Ranger Daddy

Posted on December 25, 2012 by .

Gabi Rafferty’s peaceful vacation with her daughter, Ashley, is interrupted by the news that her violent ex-husband has resurfaced and is suing for visitation. Terrified, Gabi grabs Ashley and starts driving to Yosemite Park. A few months earlier, she’d seen a handsome ranger’s photograph in the newspaper. Now, the only place she can feel safe is under that the protection of that man–the high school sweetheart who’d vanished into thin air so many years ago.

Ranger Daddy, as the series’ titles and the book’s title suggest, concentrates on men as father figures. Thus, it would seem that Yosemite National Park is a haven for perfect wanna-be dads. Many of the characters recur from previous Winters books, each with their precocious offspring and grateful brides. Indeed, much of the impetus for bringing Gabi and Jeff back together comes from Ashley, who wants the ranger to be her daddy.

I’m not sure whether this is a feature of the Harlequin American Romance line, but the protagonists’ relationship is one step away from chaste. Other than a couple kisses and the assurance that they made love all night (and it was really good), we don’t get a peep into their bedroom. Generally, I don’t care about how explicit a romance is (look how many chaste Regencies I review), but I do want to feel the heat between the leads. In Ranger Daddy, I did not.

However, we do know that Jeff is hot.

No, really, he’s hot. And cool–very cool–in every way. He knows everything about parks. He’s gorgeous. The tourists surround him in admiring droves. He loves children and dogs. He wants to be Ashley’s daddy. He paid his way through college by doing motorcycle stunts and was in all the movies, even if you didn’t know it was him. Indeed, he still pulls out that bike to ride for charities. Plus, he’s helped out with bear rescues and had his picture in the national papers.

So, here we are again: like in Colton’s Deep Cover, we have another “Gary Stu.” Maybe the strictures of this line mean that Winters had to build up her hero’s attractiveness in non-explicit ways, but in doing so, she created a cardboard hero. In real life, people are flawed. In good books, those flaws drive the conflict.

A greater flaw in Winters’s book is the writing. The first time Jeff opened his mouth, I thought, “He sounds like a scientific paper.” The problem doesn’t go away.

At the same time, Winters leans heavily on “telling” us what’s going on. For example, when Jeff does his motorcycle stunt charity event, an announcer tells us all about how famous Jeff is, how generous he is, how his photo was in the paper, and how we must have seen him in all the movies without knowing it. (We, as readers, already knew this information). The announcer even describes each stunt that Jeff is going to perform.

Then, Winters describes the stunts as Jeff performs them.  Over and over again, Winters’s prose and dialogue are stilted and expository.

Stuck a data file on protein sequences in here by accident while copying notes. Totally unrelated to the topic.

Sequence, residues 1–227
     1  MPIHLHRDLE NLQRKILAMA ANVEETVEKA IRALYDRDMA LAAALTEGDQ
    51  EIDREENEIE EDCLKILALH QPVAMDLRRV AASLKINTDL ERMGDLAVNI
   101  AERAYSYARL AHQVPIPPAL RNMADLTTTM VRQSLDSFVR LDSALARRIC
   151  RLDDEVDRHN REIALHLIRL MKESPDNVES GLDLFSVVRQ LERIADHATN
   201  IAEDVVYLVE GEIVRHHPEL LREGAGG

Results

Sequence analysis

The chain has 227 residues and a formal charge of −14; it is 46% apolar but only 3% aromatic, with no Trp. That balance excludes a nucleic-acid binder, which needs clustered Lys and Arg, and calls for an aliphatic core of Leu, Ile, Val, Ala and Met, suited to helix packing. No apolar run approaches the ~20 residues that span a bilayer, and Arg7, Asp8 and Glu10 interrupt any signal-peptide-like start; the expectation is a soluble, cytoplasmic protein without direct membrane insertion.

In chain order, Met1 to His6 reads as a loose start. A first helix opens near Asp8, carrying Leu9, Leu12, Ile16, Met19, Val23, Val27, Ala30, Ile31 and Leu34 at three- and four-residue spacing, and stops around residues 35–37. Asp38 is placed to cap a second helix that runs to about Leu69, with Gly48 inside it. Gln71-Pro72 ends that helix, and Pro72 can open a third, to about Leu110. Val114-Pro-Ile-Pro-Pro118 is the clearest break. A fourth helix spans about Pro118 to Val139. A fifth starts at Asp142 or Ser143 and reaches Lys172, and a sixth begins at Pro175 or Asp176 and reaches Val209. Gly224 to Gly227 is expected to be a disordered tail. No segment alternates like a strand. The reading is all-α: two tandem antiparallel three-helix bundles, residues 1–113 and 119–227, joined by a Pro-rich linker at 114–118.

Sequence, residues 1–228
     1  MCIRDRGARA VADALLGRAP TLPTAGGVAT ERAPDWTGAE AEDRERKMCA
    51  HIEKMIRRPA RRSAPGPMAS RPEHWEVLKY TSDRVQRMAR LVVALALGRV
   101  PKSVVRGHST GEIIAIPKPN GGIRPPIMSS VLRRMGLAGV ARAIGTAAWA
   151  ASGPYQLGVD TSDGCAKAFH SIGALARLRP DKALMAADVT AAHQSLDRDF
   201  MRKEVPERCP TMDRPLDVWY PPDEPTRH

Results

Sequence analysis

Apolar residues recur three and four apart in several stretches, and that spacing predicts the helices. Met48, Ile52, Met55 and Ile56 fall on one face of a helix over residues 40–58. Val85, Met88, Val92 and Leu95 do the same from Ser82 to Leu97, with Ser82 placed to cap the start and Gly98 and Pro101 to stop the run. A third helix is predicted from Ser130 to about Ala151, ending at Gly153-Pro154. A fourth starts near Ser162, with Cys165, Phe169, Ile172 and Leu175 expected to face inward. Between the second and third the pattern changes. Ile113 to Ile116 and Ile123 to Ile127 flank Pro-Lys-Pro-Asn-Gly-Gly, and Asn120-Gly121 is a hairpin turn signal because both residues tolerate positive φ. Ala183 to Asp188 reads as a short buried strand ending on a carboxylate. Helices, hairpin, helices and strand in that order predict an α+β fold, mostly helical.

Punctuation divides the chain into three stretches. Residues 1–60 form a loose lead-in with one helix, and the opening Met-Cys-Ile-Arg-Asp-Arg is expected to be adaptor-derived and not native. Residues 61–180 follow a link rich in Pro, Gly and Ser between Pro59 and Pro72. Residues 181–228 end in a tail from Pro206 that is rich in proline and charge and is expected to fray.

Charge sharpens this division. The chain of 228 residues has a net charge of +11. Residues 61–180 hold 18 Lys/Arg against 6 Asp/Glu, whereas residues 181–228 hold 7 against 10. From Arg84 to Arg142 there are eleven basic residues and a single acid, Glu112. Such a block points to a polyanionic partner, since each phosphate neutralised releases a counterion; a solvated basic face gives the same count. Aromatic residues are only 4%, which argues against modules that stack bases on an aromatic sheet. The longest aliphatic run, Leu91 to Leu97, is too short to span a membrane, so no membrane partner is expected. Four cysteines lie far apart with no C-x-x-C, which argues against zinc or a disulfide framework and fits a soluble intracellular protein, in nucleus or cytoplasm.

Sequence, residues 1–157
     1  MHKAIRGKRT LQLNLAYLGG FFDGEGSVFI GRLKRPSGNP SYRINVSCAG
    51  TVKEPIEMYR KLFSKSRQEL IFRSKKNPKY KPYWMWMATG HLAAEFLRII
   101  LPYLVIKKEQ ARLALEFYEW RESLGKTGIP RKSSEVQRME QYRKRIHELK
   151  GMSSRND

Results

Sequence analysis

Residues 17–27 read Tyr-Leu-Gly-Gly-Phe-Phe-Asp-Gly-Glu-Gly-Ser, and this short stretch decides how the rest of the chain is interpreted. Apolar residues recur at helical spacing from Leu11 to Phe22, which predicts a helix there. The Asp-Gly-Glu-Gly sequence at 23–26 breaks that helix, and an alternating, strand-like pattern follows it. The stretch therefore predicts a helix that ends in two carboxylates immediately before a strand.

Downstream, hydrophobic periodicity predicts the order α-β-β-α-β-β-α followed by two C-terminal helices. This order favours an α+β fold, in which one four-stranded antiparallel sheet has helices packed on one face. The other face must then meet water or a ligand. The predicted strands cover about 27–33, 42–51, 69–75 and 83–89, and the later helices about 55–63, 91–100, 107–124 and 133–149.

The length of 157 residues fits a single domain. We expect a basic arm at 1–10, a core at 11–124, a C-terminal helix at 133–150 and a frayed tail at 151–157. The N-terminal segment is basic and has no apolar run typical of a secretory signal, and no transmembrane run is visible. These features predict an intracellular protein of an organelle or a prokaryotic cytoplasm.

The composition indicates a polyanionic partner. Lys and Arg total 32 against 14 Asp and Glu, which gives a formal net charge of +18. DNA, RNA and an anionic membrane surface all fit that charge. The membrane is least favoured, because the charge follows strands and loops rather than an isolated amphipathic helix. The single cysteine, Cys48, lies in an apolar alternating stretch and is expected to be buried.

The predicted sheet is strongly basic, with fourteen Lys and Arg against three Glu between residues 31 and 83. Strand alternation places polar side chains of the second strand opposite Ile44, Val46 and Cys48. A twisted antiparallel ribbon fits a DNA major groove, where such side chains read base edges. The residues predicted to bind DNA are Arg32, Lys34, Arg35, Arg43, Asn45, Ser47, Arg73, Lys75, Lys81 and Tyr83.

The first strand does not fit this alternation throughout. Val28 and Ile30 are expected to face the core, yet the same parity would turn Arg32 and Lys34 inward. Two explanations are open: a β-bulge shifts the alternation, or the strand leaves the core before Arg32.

A characteristic of a good romance is a believable central conflict, sometimes springing from the protagonists’ basic characters and understanding, other times from an outside source. Though it seems, at the outset, that Jeff and Gabi’s romance is going to be driven by the looming presence of her violent ex-husband, neither he, nor Jeff’s ex make much of an appearance in Ranger Daddy.

Therefore, Jeff and Gabi’s only “big problem” is that Jeff needs to explain why he disappeared so suddenly when he was nineteen, which he does later than I would have thought realistic (because, somehow, he can never find a moment to talk privately with Gabi–not even after Ashley’s bed-time). His news isn’t shocking or hard to get over after so many years. After that, the only thing keeping them apart is the fact that neither character can believe the other could still be interested.

Ultimately, Ranger Daddy revolves around the fact that Gabi and Jeff don’t talk to each other.

Instead, they eat deviled eggs (and a plethora of Jeff’s favorite foods that Gabi whips up), interact with Ashley, watch her play with neighborhood children, and admire another ranger’s dog. Every once and a while, Gabi has to deal with the impending court case with her ex, but–for the most part–the scary man doesn’t intrude.

And now, my personal political agenda comes in. I can’t help it. I am liberal. Ranger Daddy is deeply conservative (even though it isn’t from Harlequin’s Inspiration line). Gabi is vehemently anti-abortion because she was adopted. She and Ashley are always praying. Gabi apparently works, but really her life revolves around her daughter. As soon as she moves into Jeff’s home, she spends her time cooking him delicious meals–his favorite dishes which happen to be perfect duplicates of what his mother used to make.

Then there’s Jeff, who has a savoir-complex. He is going to rescue Gabi, even when it’s against her wishes. Over and over, he takes control, making plans for her. He refuses to let her stay anywhere but his own home. He gets his fellow-rangers to keep an eye on her. He flies to LA to fetch her back when she decides to go meet with her lawyer. He even calls her lawyer without her permission and somehow gets all kinds of confidential information about her case out of him. Is that legal?? 

Some of this makes sense because of her scary-crazy ex, but Jeff’s behavior–combined with Gabi’s slavish imitation of his mother’s cooking–made him came across as overbearing.

I regret that, since this is a tag-team-Tuesday, and I wanted to like Winters’s book. However, I can’t help but think of all the excellent writers out there whose work is not being published. Why is Ranger Daddy on the shelves? I can write better (and it shows in my fanfiction).

Sorry for the thousand-word pan, Amy. I can’t recommend Ranger Daddy.

My ratings:

Story Quality:
Character Chemistry:
Explicitness:

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Posted in: Book Reviews, Tag Team Tuesday